Shark Tank Audition, Take 2

I just got back from Charlotte, NC for my second Shark Tank audition.  I recounted my experience from my first one last year in Raleigh, NC here.  I learned a bit and felt much better about my pitch and how it went over.  More details below…

You can find when they are doing auditions (they call them Casting Calls) on ABC’s Shark Tank website. There’s also some paperwork you need to download, complete and bring with you to the casting call. They usually release the schedule a few months in advance.  When I was looking into this round of auditioning, there were calls in Charlotte, Detroit and NYC all around the same time (and they are all about the same distance away from me).  Charlotte seemed like the best choice as far as ease of getting there and back, and the cost of staying there.  Plus the weather was great!

According to the Google, Charlotte is about 6 hours away from where I live, so I got started around 3 pm on Friday, and got down there around 10pm (always budget for bio-breaks and construction).  I also try to take some travel photos of the Card Caddy for our social media accounts, too, so that adds more time.

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Generating social media content at a Virginia rest stop

I stayed in a standard Motel 6 for the night that was about 10 minutes away from where the casting call was (the Central Piedmont Community College).  I got up around 4:30, showered and put together the healthiest breakfast I could from a nearby convenience store (prepackaged grapes and a Fig Newton), and filled up on coffee and water.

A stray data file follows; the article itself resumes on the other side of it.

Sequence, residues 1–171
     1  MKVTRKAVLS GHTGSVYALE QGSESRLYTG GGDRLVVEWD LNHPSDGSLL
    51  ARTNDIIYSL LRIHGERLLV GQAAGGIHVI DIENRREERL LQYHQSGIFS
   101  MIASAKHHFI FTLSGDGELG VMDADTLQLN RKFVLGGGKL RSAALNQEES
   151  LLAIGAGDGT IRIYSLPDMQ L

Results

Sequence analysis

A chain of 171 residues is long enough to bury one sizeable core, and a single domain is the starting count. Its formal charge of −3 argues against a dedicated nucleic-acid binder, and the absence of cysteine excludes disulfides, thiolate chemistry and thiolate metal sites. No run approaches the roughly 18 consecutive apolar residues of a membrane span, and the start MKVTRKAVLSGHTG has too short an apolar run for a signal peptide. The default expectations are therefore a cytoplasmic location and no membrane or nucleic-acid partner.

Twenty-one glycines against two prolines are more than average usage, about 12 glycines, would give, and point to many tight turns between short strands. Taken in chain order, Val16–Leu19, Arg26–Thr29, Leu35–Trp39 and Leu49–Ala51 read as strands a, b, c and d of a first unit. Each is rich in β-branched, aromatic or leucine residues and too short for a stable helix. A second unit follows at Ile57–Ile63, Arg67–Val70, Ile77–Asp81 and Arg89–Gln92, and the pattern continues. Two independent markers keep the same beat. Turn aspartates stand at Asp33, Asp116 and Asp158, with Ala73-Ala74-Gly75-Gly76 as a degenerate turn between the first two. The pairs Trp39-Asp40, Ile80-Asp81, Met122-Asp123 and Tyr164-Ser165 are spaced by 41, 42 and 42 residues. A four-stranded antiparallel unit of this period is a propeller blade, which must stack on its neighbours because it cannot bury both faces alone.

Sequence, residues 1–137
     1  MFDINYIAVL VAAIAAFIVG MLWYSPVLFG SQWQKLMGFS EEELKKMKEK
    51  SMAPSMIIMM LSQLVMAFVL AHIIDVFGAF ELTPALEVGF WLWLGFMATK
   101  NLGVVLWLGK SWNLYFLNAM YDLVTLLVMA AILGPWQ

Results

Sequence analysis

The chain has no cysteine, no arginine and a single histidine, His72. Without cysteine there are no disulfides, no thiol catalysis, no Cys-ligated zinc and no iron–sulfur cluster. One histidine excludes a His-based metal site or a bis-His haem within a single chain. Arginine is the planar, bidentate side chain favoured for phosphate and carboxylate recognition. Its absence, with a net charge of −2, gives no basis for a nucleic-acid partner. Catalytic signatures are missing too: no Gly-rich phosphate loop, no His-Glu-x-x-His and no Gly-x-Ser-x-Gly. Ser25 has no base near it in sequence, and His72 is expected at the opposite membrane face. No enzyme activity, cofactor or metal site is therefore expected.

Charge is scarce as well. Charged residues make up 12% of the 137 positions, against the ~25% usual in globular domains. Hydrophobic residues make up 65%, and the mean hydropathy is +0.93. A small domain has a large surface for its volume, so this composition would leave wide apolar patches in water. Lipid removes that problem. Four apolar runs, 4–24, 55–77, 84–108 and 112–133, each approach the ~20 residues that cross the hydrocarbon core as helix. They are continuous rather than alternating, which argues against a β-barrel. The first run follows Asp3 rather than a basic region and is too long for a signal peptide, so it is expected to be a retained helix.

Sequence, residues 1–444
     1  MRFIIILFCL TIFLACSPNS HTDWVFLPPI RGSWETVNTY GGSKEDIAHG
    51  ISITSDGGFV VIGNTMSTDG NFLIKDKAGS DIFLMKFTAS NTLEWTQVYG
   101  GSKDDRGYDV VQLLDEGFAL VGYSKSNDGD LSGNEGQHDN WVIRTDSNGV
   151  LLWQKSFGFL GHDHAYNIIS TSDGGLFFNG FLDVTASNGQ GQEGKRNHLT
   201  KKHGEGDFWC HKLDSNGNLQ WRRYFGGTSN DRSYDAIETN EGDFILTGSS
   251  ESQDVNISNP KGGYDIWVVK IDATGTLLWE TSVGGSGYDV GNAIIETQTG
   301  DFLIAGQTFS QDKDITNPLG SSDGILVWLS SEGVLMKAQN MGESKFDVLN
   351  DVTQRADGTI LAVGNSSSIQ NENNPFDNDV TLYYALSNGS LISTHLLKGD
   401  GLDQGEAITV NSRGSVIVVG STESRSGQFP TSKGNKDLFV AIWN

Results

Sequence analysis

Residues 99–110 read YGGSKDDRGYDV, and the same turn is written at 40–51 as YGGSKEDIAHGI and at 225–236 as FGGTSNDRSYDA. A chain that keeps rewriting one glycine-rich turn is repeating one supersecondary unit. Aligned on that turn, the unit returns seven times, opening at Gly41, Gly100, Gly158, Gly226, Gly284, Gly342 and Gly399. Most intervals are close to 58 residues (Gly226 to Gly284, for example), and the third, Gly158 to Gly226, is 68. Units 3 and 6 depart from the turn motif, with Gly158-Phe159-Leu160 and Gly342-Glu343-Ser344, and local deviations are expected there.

I got to the site a little after 5am, and they had signs up and people already lined up along the sidewalk, so it was very clear where it would be.  There was a parking deck right next door, and I got a spot on the first level about 10 spots from the entrance.  It couldn’t have been more convenient.

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The line at around 5:30am. You can see the front in the middle of the pic

So, I set up my chair in the next spot and estimated there were 40-50 people in front of me in line.  That turned out to be about right since I was the 32nd pitch (many pitches had multiple people). In front of me in line was an engineering grad student who had an idea for a device that would break-away a trailer from the truck towing it in the event of an accident.  Behind me was a woman who had invented a vocabulary card game to help kids learn word meanings and synonyms.  Two people in front of me was a couple who had vitamin water for dogs, Petrol (I liked the name).  I saw a boat dock connector, a couple of other boardgames, a wheelchair accessory, some kitchen products and some service companies.